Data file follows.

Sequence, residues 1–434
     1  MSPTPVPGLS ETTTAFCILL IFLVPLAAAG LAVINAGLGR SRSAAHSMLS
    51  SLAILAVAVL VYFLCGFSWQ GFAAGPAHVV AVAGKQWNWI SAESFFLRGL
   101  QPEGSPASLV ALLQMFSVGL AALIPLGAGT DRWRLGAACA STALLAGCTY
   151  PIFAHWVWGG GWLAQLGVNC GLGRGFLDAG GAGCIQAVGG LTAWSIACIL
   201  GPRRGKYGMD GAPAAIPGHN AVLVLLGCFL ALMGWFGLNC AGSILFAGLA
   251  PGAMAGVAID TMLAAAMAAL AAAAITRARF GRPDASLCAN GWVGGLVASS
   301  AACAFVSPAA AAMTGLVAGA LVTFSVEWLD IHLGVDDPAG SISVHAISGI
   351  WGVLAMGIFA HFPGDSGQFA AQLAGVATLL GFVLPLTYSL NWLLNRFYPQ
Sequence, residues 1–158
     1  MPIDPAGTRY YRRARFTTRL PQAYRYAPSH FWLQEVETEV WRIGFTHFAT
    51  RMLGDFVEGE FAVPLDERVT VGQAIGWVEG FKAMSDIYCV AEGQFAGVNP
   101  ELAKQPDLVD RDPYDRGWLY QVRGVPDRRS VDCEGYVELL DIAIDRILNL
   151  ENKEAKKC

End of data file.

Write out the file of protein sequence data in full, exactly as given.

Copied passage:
Sequence, residues 1–434
     1  MSPTPVPGLS ETTTAFCILL IFLVPLAAAG LAVINAGLGR SRSAAHSMLS
    51  SLAILAVAVL VYFLCGFSWQ GFAAGPAHVV AVAGKQWNWI SAESFFLRGL
   101  QPEGSPASLV ALLQMFSVGL AALIPLGAGT DRWRLGAACA STALLAGCTY
   151  PIFAHWVWGG GWLAQLGVNC GLGRGFLDAG GAGCIQAVGG LTAWSIACIL
   201  GPRRGKYGMD GAPAAIPGHN AVLVLLGCFL ALMGWFGLNC AGSILFAGLA
   251  PGAMAGVAID TMLAAAMAAL AAAAITRARF GRPDASLCAN GWVGGLVASS
   301  AACAFVSPAA AAMTGLVAGA LVTFSVEWLD IHLGVDDPAG SISVHAISGI
   351  WGVLAMGIFA HFPGDSGQFA AQLAGVATLL GFVLPLTYSL NWLLNRFYPQ
Sequence, residues 1–158
     1  MPIDPAGTRY YRRARFTTRL PQAYRYAPSH FWLQEVETEV WRIGFTHFAT
    51  RMLGDFVEGE FAVPLDERVT VGQAIGWVEG FKAMSDIYCV AEGQFAGVNP
   101  ELAKQPDLVD RDPYDRGWLY QVRGVPDRRS VDCEGYVELL DIAIDRILNL
   151  ENKEAKKC